Introduction to Star Schema

Introduction to Star Schema

Dimensional modeling is the design concept used by many data warehouse designers to build their data warehouse. Dimensional model is the underlying data model used by many of the commercial OLAP products available today in the market. Designing a data warehouse is very different from designing an online transaction processing (OLTP) system. In contrast to an OLTP system in which the purpose is to capture high rates of data changes and additions, the purpose of a data warehouse is to organize large amounts of stable data for ease of analysis and retrieval. Because of these differing purposes, there are many considerations in data warehouse design that differ from OLTP database design. In dimensional model, all data is contained in two types of tables called Fact Table and Dimension Table.

Fact Table

Each data warehouse or data mart includes one or more fact tables. The fact table captures the data that measures the organizations business operations. A fact table might contain business sales events such as cash register transactions or the contributions and expenditures of a nonprofit organization. Fact tables usually contain large numbers of rows, sometimes in the hundreds of millions of records when they contain one or more years of history for a large organization. A key characteristic of a fact table is that it contains numerical data (facts) that can be summarized to provide information about the history of the operation of the organization. Each fact table also includes a multipart index that contains as foreign keys the primary keys of related dimension tables, which contain the attributes of the fact records. Fact tables should not contain descriptive information or any data other than the numerical measurement fields and the index fields that relate the facts to corresponding entries in the dimension tables. An example of fact table is Sales_Fact table that might contain the information like sale_amount, unit_price, discount, etc.

Dimension Table

Dimension tables contain attributes that describe fact records in the fact table. Some of these attributes provide descriptive information; others are used to specify how fact table data should be summarized to provide useful information to the analyst. Dimension tables contain hierarchies of attributes that aid in summarization. For example, a dimension containing product information would often contain a hierarchy that separates products into categories such as food, drink, and non-consumable items, with each of these categories further subdivided a number of times until the individual product is reached at the lowest level.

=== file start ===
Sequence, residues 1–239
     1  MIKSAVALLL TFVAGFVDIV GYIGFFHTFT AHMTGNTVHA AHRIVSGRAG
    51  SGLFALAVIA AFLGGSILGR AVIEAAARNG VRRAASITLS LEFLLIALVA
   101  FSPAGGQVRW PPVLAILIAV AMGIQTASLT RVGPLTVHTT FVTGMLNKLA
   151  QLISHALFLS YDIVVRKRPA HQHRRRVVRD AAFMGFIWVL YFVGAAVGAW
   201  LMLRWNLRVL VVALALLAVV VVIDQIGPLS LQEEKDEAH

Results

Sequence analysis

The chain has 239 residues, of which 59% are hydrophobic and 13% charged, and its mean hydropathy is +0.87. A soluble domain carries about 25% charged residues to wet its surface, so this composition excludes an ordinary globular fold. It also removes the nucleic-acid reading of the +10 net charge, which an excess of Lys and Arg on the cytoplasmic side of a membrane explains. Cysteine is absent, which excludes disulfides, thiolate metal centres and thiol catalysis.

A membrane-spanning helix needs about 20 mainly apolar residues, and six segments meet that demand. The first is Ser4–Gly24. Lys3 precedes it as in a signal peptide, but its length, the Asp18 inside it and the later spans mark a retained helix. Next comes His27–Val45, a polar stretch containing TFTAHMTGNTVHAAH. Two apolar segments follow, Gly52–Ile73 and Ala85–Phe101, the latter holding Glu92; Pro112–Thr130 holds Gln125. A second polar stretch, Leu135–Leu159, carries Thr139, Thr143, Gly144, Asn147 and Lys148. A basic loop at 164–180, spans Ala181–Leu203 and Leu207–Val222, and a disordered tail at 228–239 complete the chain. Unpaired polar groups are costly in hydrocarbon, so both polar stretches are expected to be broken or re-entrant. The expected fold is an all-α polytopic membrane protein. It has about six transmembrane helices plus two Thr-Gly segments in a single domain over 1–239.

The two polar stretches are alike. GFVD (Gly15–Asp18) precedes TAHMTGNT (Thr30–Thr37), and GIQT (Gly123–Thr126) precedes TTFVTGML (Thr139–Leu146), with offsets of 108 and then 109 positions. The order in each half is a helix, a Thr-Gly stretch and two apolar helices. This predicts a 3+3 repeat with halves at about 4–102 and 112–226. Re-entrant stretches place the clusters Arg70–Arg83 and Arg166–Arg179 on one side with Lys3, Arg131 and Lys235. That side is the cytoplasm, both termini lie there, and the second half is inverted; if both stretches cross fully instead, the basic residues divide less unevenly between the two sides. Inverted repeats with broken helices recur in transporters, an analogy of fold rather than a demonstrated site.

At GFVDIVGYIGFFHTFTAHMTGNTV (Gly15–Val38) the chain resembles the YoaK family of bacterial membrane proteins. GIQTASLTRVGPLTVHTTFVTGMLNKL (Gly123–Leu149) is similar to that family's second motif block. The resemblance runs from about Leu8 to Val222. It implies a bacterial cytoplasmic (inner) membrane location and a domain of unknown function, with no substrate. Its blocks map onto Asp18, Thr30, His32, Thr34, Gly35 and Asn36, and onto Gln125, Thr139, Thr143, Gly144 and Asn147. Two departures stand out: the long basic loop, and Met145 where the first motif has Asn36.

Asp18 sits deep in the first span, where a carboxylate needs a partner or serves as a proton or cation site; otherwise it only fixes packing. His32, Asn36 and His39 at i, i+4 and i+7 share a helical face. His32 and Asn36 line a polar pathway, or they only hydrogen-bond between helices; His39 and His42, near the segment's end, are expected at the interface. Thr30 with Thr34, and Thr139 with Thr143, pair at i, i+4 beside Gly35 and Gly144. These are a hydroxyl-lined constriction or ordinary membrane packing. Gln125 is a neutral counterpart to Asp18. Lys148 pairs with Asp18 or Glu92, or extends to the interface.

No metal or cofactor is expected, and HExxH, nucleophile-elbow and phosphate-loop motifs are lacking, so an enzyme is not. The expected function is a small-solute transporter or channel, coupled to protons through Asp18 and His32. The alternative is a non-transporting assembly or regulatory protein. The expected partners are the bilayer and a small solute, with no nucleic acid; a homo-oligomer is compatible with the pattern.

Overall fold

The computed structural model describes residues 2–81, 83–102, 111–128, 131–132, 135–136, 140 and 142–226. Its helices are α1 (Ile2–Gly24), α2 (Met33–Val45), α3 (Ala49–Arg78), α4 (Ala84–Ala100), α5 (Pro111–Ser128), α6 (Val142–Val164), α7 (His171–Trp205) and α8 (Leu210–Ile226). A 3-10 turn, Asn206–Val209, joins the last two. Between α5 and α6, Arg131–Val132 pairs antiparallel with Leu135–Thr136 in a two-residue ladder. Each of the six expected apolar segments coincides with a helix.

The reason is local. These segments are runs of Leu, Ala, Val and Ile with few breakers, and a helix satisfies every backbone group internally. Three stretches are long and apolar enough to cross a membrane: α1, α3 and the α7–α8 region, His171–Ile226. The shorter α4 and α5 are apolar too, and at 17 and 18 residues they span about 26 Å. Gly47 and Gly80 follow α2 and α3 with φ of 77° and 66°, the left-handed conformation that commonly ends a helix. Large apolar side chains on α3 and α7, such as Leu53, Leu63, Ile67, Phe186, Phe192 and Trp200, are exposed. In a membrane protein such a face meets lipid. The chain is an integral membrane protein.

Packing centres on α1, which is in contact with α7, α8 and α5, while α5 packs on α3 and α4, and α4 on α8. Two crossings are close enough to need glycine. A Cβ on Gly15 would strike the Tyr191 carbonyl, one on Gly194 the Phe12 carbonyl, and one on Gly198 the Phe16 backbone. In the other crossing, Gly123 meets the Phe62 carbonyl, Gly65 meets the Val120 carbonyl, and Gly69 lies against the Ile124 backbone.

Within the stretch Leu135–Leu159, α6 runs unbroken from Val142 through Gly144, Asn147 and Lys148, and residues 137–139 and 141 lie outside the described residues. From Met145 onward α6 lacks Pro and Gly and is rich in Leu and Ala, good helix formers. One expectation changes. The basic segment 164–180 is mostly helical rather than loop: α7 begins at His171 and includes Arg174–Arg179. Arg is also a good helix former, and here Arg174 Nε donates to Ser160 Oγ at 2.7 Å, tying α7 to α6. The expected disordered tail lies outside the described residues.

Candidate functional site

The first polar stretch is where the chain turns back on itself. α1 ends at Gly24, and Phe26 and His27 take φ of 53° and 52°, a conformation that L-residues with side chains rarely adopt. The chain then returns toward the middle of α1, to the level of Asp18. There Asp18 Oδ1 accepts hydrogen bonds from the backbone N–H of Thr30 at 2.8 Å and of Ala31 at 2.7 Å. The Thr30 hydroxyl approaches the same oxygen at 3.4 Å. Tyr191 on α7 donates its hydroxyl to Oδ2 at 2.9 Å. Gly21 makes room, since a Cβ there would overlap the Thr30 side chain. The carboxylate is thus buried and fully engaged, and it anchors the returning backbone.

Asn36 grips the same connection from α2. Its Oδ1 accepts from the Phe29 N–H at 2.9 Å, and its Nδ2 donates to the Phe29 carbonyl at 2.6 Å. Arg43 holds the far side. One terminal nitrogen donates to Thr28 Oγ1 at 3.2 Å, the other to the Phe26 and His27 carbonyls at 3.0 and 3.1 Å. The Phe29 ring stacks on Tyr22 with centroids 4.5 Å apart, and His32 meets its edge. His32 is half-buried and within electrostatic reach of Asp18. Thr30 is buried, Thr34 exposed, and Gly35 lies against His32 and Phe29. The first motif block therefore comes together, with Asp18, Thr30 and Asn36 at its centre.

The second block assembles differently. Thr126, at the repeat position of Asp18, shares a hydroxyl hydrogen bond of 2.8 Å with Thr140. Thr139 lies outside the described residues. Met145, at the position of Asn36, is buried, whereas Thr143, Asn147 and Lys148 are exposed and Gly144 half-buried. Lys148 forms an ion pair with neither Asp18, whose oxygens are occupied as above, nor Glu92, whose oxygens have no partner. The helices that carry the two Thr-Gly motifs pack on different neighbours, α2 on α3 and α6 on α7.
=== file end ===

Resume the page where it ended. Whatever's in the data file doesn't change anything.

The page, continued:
Dimensional modeling produces dimension tables in which each table contains fact attributes that are independent of those in other dimensions. For example, a customer dimension table contains data about customers, a product dimension table contains information about products, and a store dimension table contains information about stores. Queries use attributes in dimensions to specify a view into the fact information. For example, a query might use the product, store, and time dimensions to ask the question "What was the cost of non-consumable goods sold in the northeast region in 1999?" Subsequent queries might drill down along one or more dimensions to examine more detailed data, such as "What was the cost of kitchen products in New York City in the third quarter of 1999?" In these examples, the dimension tables are used to specify how a measure (sale_amount) in the fact table is to be summarized.

Consider an example of Sales_Fact table and the various attributes that describe this fact are Store, Product, Date and say Sales Person. In this case we will have four dimension tables, viz. Store_Dimension, Product_Dimension, Date_Dimension and Sales_Person_Dimension.


You may notice that all of these dimensions contain a Key field. This is called Surrogate Key. This key is substitute for a natural key in dimensions (e.g., in Sales_Person_Dimension, we have natural key as ID). In a data warehouse a surrogate key is a generalization of the natural production key and is one of the basic elements of data warehouse.

As a fact table is described by the four dimension tables described above, it will contain the Surrogate Keys of all these dimensions. This is how the Sales_Fact table will look like:


Now if you carefully look at the structure of above tables and how they are linked the schema will look like this:


You can easily tell that this looks like a STAR. Hence it is called as Star Schema.

Advantages of having Star Schema

  • Star Schema is very easy to understand, even for non technical business managers
  • Star Schema provides better performance and smaller query times
  • Star schema is easily extensible and will handle future changes easily

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